it would be ‘a tradition which may address itself . . . for all our sakes, to a modern future
in which community may be imagined again.’ The works that foreground perspectives
of the working classes (and the peasantry), women, non-Anglo-American ‘fringe’ spaces,
provincial/ rural cultures, through extensive use of modernist formal innovations, can make
some salutary interventions in this regard. Such modernist works, apparently paradoxically,
can also make the paradigm of the ‘non-modern’/ ‘regressive’ spaces question the paradigm
of the ‘progressive’ ‘modern,’ and thus help us understand better the grand narrative of
modernity, whose pitfalls are increasingly evident in the alienation, fragmentation and
anomie of our times.
In the context of these few initial comments on the culture of modernism, this paper
seeks to explore how the Scottish ‘modernist’ novelist Lewis Grassic Gibbon (pen-name of
James Leslie Mitchell, 1901-35) adopts various marginal ideological perspectives in Sunset
Song (1932), the first novel of his trilogy A Scots Quair (1932-’34), in order to create an
‘alternative’ provincial discourse of modernism at the time of gradual institutionalisation of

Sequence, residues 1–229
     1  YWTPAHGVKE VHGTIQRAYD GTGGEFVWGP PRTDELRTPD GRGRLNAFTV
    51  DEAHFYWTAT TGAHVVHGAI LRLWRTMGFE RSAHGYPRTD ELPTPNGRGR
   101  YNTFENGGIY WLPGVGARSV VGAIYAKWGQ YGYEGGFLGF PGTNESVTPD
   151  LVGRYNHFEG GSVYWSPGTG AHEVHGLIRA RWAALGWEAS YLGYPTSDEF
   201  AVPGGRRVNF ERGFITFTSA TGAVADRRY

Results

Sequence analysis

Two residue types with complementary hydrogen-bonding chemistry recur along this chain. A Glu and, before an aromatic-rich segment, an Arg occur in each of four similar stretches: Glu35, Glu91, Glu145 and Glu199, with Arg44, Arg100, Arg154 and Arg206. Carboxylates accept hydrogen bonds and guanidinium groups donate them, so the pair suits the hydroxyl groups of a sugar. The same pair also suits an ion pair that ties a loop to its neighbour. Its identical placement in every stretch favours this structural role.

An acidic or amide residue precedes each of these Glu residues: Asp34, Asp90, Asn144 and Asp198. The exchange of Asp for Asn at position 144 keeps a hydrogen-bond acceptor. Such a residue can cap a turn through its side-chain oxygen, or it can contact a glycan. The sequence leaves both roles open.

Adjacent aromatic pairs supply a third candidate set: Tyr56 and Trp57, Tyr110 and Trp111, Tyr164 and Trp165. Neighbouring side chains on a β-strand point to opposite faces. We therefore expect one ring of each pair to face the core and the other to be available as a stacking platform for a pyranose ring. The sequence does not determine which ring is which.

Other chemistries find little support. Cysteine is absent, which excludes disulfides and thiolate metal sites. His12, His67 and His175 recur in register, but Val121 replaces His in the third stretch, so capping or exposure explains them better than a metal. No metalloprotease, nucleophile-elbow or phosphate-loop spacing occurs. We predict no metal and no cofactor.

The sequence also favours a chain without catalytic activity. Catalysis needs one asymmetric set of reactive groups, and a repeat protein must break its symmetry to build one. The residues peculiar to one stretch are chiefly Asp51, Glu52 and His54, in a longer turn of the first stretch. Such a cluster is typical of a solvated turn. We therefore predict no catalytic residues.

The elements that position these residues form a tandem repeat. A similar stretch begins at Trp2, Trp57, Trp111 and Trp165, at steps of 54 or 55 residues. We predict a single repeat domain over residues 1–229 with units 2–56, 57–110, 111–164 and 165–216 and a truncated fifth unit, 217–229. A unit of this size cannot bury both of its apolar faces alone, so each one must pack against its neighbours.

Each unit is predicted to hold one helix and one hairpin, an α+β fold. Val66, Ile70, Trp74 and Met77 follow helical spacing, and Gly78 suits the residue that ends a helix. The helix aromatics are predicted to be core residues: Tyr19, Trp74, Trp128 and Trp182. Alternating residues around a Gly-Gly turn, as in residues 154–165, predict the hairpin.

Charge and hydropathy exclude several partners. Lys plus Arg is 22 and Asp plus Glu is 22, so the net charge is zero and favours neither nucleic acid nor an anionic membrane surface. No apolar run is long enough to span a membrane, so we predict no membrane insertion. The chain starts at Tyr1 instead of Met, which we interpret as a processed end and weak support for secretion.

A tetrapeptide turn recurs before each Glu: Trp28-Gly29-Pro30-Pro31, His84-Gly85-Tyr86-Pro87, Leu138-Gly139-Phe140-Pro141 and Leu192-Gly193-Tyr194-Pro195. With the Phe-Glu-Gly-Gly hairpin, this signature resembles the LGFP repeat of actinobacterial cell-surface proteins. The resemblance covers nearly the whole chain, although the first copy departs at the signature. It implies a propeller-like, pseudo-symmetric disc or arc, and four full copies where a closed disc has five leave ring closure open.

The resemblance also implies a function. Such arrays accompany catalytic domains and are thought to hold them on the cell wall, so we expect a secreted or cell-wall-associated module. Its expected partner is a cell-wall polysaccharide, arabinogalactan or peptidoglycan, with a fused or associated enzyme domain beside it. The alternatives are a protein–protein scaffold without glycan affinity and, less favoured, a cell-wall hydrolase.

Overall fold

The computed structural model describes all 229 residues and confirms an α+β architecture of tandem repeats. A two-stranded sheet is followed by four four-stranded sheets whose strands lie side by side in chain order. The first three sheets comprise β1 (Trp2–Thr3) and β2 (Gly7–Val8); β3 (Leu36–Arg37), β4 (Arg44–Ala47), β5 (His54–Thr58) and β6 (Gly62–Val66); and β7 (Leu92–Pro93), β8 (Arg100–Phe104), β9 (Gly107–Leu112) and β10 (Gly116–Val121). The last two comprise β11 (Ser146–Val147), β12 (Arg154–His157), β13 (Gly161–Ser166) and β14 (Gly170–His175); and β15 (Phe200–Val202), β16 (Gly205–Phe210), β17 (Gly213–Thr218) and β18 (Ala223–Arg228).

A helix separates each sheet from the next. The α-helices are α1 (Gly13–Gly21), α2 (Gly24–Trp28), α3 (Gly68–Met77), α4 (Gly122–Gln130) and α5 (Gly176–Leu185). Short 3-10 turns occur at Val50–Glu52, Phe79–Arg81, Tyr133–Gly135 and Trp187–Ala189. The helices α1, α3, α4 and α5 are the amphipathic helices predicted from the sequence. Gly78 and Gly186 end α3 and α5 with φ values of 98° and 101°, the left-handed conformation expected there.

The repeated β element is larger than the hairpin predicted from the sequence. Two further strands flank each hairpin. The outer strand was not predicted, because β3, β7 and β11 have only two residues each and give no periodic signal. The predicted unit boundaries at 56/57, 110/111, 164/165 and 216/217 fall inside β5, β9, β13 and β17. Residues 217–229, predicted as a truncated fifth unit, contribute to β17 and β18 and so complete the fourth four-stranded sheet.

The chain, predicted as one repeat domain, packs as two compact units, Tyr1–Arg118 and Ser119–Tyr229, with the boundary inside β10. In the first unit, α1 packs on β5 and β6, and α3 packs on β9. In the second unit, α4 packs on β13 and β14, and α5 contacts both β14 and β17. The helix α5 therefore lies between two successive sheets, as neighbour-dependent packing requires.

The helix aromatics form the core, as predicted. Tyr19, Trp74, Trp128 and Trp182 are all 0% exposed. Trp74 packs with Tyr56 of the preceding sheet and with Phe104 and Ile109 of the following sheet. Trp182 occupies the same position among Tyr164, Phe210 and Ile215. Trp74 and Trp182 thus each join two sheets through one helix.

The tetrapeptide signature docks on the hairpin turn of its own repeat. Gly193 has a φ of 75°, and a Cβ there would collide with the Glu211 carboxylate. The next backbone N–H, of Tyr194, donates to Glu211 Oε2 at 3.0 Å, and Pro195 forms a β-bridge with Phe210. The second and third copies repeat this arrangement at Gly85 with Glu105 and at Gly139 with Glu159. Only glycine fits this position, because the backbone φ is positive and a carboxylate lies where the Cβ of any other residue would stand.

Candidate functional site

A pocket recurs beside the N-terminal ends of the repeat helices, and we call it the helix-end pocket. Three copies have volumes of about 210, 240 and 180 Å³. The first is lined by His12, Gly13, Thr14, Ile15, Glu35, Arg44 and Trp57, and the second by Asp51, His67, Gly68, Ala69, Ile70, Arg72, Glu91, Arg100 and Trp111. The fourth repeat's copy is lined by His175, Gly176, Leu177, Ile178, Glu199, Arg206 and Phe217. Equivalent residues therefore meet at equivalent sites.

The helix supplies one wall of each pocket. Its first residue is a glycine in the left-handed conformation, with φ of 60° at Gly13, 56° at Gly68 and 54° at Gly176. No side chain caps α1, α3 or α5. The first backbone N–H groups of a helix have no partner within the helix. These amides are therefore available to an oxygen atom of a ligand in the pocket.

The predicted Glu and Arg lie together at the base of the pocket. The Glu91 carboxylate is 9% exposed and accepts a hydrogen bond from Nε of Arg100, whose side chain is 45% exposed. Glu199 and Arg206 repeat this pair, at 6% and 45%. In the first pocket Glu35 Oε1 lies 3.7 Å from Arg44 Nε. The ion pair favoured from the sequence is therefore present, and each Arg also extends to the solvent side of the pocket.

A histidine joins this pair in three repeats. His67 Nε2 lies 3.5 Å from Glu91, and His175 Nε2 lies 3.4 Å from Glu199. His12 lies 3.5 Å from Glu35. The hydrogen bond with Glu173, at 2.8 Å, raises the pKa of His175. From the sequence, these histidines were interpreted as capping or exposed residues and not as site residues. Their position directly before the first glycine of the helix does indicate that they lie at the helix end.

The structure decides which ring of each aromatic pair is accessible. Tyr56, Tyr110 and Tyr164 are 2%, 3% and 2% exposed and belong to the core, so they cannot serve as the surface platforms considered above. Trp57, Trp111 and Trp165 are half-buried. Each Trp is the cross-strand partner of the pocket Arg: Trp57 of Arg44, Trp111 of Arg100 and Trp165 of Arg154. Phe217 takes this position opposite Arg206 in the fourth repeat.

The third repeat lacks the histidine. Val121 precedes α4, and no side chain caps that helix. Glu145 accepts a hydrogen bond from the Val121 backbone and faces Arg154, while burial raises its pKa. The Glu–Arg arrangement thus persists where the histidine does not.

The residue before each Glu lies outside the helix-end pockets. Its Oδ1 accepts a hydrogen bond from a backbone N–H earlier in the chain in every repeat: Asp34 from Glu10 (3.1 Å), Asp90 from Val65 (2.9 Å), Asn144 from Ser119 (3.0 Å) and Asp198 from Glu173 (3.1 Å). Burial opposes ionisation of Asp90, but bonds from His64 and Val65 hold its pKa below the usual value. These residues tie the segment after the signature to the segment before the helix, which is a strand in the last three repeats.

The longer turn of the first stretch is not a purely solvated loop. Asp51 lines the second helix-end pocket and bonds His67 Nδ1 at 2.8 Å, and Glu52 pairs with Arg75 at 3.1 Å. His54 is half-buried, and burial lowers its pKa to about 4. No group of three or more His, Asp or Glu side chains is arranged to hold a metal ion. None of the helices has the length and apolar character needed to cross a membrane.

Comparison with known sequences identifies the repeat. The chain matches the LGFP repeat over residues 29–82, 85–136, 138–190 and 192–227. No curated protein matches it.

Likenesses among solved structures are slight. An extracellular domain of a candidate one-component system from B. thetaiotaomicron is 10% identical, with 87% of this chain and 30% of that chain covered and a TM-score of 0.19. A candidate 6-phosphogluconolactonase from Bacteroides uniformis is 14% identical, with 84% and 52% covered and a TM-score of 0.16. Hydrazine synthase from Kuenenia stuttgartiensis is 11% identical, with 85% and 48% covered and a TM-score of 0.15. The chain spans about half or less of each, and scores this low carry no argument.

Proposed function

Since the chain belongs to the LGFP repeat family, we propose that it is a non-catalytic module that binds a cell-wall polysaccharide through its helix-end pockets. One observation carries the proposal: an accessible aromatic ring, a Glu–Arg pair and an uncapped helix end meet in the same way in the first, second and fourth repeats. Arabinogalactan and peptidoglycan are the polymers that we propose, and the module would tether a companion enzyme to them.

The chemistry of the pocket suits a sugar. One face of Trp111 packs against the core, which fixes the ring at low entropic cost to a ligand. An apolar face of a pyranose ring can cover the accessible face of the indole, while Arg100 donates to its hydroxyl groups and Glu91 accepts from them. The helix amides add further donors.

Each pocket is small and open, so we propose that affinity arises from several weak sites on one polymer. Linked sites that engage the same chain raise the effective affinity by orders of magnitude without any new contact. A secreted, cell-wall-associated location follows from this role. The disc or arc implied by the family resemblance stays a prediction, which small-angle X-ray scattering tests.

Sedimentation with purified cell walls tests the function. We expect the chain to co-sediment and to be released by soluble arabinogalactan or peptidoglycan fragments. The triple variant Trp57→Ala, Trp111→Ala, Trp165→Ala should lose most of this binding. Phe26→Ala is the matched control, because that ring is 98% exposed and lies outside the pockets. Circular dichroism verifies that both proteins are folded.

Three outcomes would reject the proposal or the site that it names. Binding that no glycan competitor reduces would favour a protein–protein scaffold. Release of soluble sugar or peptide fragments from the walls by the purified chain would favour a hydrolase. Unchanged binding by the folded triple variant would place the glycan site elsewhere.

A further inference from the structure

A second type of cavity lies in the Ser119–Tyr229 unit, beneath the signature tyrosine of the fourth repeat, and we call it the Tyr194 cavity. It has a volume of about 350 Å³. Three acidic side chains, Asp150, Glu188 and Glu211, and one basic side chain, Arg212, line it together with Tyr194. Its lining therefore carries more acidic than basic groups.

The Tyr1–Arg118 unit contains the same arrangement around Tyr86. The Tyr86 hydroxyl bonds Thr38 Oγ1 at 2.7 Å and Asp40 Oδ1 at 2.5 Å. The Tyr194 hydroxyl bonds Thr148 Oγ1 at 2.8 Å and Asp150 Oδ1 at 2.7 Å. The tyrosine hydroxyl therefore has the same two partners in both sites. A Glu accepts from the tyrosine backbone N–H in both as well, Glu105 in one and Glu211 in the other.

its dominant metropolitan tradition. Since it is not possible within the limited scope of this
article to undertake a detailed discussion of all possible aspects of the author’s ideologically
‘non-modernist’ aesthetics within a modernist stylistic framework, I wish to concentrate
on a small set of interrelated issues pertaining only to one aspect of the novel, the problem
of rural/ regional ‘reconstruction’ and its thematic, formal and ideological ramifications.
The issues of class and gender, of course, will appear occasionally, for Gibbon’s treatment
of the Scottish rural and provincial space as a category of identity formation cannot be
altogether separated from his exploration of other such categories. Not only does Gibbon’s
endeavor, the paper seeks to argue, offer a critique of the dominant modernist tradition
by hinting at the possibility of an ‘alternative’ (marginal) modernism, at the same time
it is marked by a departure from certain Victorian Realist fictional conventions. The
Victorian Realist tradition abounds in novels set in the countryside and therefore offers
rich ground for spatial imagination of the rural; but the discourses of the countryside
presented in such novels, as Williams has shown, invariably foreground the perspectives
of the absentee landlord, the gentry or the middle class, perspectives celebrated in the
long pastoral tradition. I shall try to show how Gibbon not only contributes to a marginal
provincial discourse of modernism—a movement that has largely been seen as a product of
the metropolitan artistic sensibility—but also, in the process, departs from the dominant
pastoral and middle-class tradition of dubious representation of the countryside.
L. G. Gibbon was born and brought up and lived his life in a socio-cultural location
of multiple marginalities. This marginal location largely shaped his negotiations with